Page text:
Previous research has suggested that physical exercise has the potential to slow the progression of dementia in people with pre-existing mild cognitive impairment through to moderate dementia. Evidence for the cost-effectiveness of structured physical activity programmes has been lacking, so far, however.
The current study, conducted from the UK NHS and personal social services perspective with backing from the National Institute of Health Research’s Health Technology Assessment (NIHR HTA) programme, compared the cost-effectiveness of a “tailored, structured, moderate- to high-intensity exercise programme versus usual care in people with mild to moderate dementia”.
The particular structured exercise programme evaluated here did not slow rates of cognitive decline in people with mild cognitive impairment or moderate dementia. Accordingly the economic evaluation found that the programme was not cost-effective.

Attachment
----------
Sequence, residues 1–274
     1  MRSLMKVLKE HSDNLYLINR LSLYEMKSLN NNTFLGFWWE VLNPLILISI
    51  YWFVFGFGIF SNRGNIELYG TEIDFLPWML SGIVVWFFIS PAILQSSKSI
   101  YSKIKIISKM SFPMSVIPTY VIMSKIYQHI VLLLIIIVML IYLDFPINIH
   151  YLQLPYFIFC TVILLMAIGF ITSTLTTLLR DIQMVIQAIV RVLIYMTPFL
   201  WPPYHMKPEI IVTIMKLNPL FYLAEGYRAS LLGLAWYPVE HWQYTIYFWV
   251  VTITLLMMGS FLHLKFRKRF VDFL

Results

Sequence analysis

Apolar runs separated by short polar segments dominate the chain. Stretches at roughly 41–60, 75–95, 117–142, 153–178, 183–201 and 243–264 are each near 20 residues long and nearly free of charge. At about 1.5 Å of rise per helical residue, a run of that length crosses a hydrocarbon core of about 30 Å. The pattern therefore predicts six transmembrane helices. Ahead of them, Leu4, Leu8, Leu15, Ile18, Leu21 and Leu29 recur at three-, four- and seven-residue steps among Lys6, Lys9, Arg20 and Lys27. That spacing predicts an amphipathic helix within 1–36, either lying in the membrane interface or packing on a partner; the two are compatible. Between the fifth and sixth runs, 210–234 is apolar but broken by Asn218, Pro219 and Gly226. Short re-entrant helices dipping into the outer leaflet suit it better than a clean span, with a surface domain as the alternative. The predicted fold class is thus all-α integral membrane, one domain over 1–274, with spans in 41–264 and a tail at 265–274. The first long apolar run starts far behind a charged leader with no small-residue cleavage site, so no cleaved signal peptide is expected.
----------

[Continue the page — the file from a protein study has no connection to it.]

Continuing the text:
Khan, I. Petrou, S. Khan, K. [et al]; DAPA Trial Group (2019). Does structured exercise improve cognitive impairment in people with mild to moderate dementia? A cost-effectiveness analysis from a confirmatory randomised controlled trial: the Dementia and Physical Activity (DAPA) Trial. Pharmacoeconomics Open. June 2019; 3(2): pp.215-227.
Similarly inconclusive results regarding the benefits of Exergaming (exercise and gaming), as yet:
van Santen, J. Dröes, RM. [and] Holstege, M. [et al] (2019). Effects of Exergaming in people with dementia: results of a systematic literature review. Journal of Alzheimer’s Disease. 2018; 63(2): pp.741-760.